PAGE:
Posts Tagged ‘risk’
“As far as the laws of mathematics refer to reality, they are not certain; and as far as they are certain, they do not refer to reality.”
The distinction between risk and uncertainty arose from the field of economics and is based on the work of Frank Knight. According to Knight, “risk” refers to a situation in which the probability of an outcome is known or can be roughly determined, while uncertainty refers to an event or an outcome whose probability is not or cannot be known. A common example used to illustrate the point is that games of chance are risky (because the odds of winning vs. losing can be calculated) and the outcome of a war with its multitude of changing environmental situations on the ground is uncertain. But it is not as simple as all that, it certainly can be very confusing, and a deeper understanding of risk vs. uncertainty can help people make better decisions.
People board airplanes routinely, strapping themselves into what is essentially a lounge chair (even if it is an uncomfortable one), inside of what is little more than a controlled missile, whose paper thin walls of plastic and metal guard you against external conditions that could not possibly sustain life, while jet engines furiously burn enormous quantities of highly explosive fuel within a few feet of your location, hurtling you and your lounge chair through the sky at hundreds of miles per hour, with thousands of pounds of airplane coming back to the earth with a typically ungraceful thump, on small rubber wheels (which always look flat to me), and then hoping that the plane will somehow slow down and avoid plunging into the water (I land at LaGuardia), or worse. Why in the world would they do that? Because it is not all that risky. Airplanes have very good track records and there are very few accidents. We can manage risks, uncertainty is more difficult.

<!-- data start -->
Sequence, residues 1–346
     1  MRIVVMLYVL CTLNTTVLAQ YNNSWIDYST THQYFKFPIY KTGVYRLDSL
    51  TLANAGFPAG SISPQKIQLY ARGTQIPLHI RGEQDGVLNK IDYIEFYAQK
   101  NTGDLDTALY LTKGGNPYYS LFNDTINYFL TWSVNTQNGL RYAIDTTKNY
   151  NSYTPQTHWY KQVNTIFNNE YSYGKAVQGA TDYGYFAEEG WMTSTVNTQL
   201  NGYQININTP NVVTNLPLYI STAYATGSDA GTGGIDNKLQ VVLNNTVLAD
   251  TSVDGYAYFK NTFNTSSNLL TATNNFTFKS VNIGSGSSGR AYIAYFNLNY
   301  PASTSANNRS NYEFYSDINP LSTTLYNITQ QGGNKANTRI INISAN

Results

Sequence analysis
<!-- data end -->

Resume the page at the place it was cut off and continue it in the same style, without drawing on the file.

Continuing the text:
But what about Wilber and Orville when they first attempted flight? They were not dealing with risk they were dealing with uncertainty, for there was little real understanding of whether man could build airplanes that could stay aloft for a period and then safety return the occupant to the ground. There was no track record to calculate risk upon, there were no computers to run simulations, there were no wind tunnels which could test airplane models. Yet facing this uncertainty they persevered. Events can begin with uncertainty and then as track records about them build they can become simply risky. Though, some people who treat a situation as risky, when it is actually uncertain, can accumulate really awful track records of performance.
For instance, Gerd Gigerenzer of the Max Planck Institute analyzed the performance of 22 major international banks on predicting currency fluctuations. These annual forecasts of currency values which occurred from December of 2001 to December of 2010 were used by the banks to guide their investment decisions. These annual forecasts were wrong, very wrong, for nine out of those ten years. Gred’s conclusion about the track record of the people who produced these annual guides to currency values was that “highly paid people produced worthless predictions.” He went on to explain that based on his analysis the risk modelers at the banks didn’t distinguish appropriately between risk and uncertainty. They treated the currency fluctuations as risky but in fact “it is uncertainty that rules in the real world, where risks can’t be known in advance because of a complex tangle of factors triggers new, extremely unlikely hazards.” What he meant was that many factors that could affect currency values, (e.g. oil shortages, war, weather, natural disasters, deepening recession) were not adequately accounted for in the prediction model and in fact could not be known as they were uncertain. The analysts at the banks though treated them like risks, however, with underlying probability distributions and they got it wrong.
When Steven Jobs, who famously stated that “people don’t know what they want until you show it to them”, produced his first computer he had no idea if people would be able to see its promise, what they could accomplish with it and whether they would buy it. Over the years with each new technology his team at Apple developed there was uncertainty, sometimes uncertainty with great consequence, as some of the products rolled out were “bet the company” kinds of decisions. Steven Jobs reveled in the world of uncertainty and showed that mastering the world of uncertainty can lead to enormous financial reward. But Apple’s ultimate financial success came as those uncertain new technologies became simply risky products. Was there any doubt in anyone’s mind if the iPhone 5 would be a success? The question was not “if”, the question was “how big”. “If” is uncertain, “how big” is risky.